I walk back to the lift where a woman of ‘a certain age’ is standing waiting for it to arrive. She’s wearing tight pants, boots, a fur jacket and looking elegant as French women do. The lift arrives and she doesn’t move. I say ‘The lift has arrived, Madame.’ She’s miles away. She gets in and runs her hand thru her beautiful thick hair. ‘Look at my hair’ she says. She has a deep raspy sexy voice just like Jeanne Moreau. Perhaps she is Jeanne Moreau, but no, she’s not, but the voice is. ‘The coiffeur ruined it, she says. Il faut changer votre coiffeur tous les années,’ she says. ‘Regardez les mèches.’ (You need to change your hairdresser every year. Look at these highlights!)

I sympathise but tell her I think her hair looks just fine. I tell her I’d give anything for such wondrous thick hair. She smiles but she obviously doesn’t agree.

We arrive at the car park level. ‘I wish you a very Happy Christmas’ she says. And I wish you one too, I say.

10 December 2005

Two Old Ladies

Rupert and Rosie

Rosie and Rupert are in love! He's castrated but I think the vet forgot to tell him. He follows her everywhere licking her back, her neck, her rump and she just ignores him - oh it's all too boring - I know I’m beautiful.

The vet came up to visit my old lady, Flavia, the retired Guide Dog. She’s 15 and I wanted a professional opinion as to whether or not it’s time for her to go to Doggy Heaven. Well good news! She is still with us. The vet doesn’t believe she's in pain. There is arthritis but mainly the problem is that the messages are simply not getting from the brain to the back legs, hence her staggering about. She's on cortisone and as the Vet said, she is still interested in what goes on and boy, does she love her food but then I've yet to meet a Labrador who doesn't. So, although conditions here are not ideal for her: tiled floors, steps down to the garden and lots of dogs, none are reasons to put her to sleep.

Talking of old ladies, it looks as if my 100 year old aunt in England is dying. My sister had a phone call from the retirement home to say that she’d deteriorated. Sally couldn’t get down that evening but went the next day to find our aunt in a deep sleep, almost a coma. The doctor had decided she shouldn’t be sent to hospital. Seemingly they don’t put people on drips when they are ancient, after all, this is to be death by old age. Mostly people die of something but in our aunt’s case, presumably she's simply worn out. The nurses moistened her lips and cleaned her eyes, making her as comfortable as possible. Sally went in to visit her twice each day. We discussed the funeral.

On the third morning Sally arrived at the home and there was our aunt, sitting up in bed, eating a bowl of porridge and drinking gallons of orange squash! Hold the funeral!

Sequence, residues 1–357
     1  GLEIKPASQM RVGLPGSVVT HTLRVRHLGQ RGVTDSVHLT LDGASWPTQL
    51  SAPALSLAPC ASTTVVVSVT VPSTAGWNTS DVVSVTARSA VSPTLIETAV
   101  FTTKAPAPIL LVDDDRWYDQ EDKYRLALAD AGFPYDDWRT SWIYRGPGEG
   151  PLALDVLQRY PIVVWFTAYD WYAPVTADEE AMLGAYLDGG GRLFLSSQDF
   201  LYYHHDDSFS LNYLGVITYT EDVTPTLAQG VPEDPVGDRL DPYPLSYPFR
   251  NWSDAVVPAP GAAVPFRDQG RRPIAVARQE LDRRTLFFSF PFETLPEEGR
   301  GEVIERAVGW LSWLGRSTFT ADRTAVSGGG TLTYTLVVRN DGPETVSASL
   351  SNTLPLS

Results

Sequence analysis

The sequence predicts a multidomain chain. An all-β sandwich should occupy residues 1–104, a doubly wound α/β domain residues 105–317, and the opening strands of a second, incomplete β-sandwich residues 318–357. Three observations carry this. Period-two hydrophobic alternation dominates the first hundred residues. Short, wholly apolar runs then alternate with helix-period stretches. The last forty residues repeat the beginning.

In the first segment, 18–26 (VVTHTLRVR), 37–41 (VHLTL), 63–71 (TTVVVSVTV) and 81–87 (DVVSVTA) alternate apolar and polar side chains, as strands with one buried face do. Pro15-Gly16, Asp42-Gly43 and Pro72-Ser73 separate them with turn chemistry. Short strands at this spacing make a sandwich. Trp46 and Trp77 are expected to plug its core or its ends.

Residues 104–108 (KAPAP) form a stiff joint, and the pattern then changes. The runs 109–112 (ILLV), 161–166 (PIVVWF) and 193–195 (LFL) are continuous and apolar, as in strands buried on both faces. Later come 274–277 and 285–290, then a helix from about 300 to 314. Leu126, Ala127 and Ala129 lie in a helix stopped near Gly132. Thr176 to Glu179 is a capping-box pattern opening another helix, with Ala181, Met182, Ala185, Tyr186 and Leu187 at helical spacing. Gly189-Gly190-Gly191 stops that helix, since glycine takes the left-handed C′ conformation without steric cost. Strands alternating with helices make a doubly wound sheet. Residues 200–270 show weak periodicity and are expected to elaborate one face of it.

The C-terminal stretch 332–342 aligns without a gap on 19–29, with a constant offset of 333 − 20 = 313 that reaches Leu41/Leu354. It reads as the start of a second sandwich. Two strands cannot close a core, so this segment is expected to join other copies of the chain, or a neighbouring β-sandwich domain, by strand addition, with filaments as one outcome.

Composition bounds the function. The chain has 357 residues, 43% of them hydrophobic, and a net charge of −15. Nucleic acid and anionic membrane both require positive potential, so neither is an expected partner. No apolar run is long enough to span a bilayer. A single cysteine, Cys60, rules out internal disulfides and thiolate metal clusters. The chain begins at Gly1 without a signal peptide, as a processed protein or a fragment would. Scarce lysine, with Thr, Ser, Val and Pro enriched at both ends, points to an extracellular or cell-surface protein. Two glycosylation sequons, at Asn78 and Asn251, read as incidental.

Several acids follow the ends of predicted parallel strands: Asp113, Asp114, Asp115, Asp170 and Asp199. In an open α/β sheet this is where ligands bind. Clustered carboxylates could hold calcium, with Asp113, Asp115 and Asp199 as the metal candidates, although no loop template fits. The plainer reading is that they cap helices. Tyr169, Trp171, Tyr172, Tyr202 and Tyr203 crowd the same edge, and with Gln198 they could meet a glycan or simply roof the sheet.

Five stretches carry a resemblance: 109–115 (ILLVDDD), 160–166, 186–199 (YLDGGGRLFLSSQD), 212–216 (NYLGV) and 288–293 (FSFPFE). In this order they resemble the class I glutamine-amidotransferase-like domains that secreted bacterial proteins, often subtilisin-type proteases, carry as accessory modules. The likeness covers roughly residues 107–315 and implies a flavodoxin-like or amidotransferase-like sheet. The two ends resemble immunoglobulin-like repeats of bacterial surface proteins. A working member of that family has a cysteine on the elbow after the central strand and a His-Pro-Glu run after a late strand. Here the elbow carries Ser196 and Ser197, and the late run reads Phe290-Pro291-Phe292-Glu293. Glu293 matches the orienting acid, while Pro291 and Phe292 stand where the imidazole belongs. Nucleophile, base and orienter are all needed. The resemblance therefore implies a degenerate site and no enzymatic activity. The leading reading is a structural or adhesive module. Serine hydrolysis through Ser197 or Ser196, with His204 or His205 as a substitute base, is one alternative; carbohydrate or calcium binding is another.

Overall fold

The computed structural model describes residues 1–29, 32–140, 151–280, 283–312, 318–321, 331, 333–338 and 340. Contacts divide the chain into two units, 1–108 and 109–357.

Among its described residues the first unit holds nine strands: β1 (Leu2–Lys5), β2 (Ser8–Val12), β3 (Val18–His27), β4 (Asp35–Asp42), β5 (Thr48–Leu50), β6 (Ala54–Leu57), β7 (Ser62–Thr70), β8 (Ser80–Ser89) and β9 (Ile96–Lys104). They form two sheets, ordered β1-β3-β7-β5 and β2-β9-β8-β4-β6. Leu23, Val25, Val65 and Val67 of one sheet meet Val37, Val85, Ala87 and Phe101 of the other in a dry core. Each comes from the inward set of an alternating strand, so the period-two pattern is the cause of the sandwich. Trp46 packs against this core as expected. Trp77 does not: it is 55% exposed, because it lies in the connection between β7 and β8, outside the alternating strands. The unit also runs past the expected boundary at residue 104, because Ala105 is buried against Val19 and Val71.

She will be 101 tomorrow. Happy birthday, Hilda!

04 December 2005


Today is one of those perfect Mediterranean days – the bluest sky, an even bluer sea and a light breeze. After the storms and the incessant heavy rain yesterday, this is good news - how about bliss?

Giovanni and I plant an apricot tree on one of the upper terraces. The soil looks wonderful today but that’s because it’s so wet. When it dries out, which it soon will, it'll be back to its normal stony self. I’ve given up trying to grow vegetables here – they need watering twice a day in summer and even then just don’t get the nutrients they need. I might try growing tomatoes in a Grow-Bag next year except you can’t get Grow-bags in France. Maybe a bag of terreau would do and then use liquid tomato feed. Watch this space.

Sheba, the Flatcoat Retriever, and Mack, the Jack Russell, play non-stop, except when I sit down to read, then Mack has to sit on my lap. Don’t dogs realise you really can’t read with a moveable object on your knees?

Flavia, my old Labrador, is struggling. How hard it is to know if a dog is in pain. She’s over 15, she hobbles along yet she still loves her food. I don’t want her to get to the point where she is suffering - she should go to Doggy Heaven before that, yet she doesn't need to be despatched before her time. When is her time?

01 December 2005

The story of Tess

Henry and Tess

Tess is a pretty 14-month old black cocker spaniel who has had an awful lot of homes in her short life. She came to Pension Milou for the first time a few days before the end of November. She’d lived in Monaco but the boyfriend didn’t like dogs so she ended up in a refuge. I always wonder about people who don’t like dogs? My mother didn’t like dogs so how did I end up running a doggy pension? Come to think of it, my first dog was a cocker spaniel – black with white feet and called Boots. One day my mother said she was ‘sending him away to the country’ because he brought too much mud into the house. Maybe there were other reasons. How would I have known? I was five years old but I’ve never forgotten him.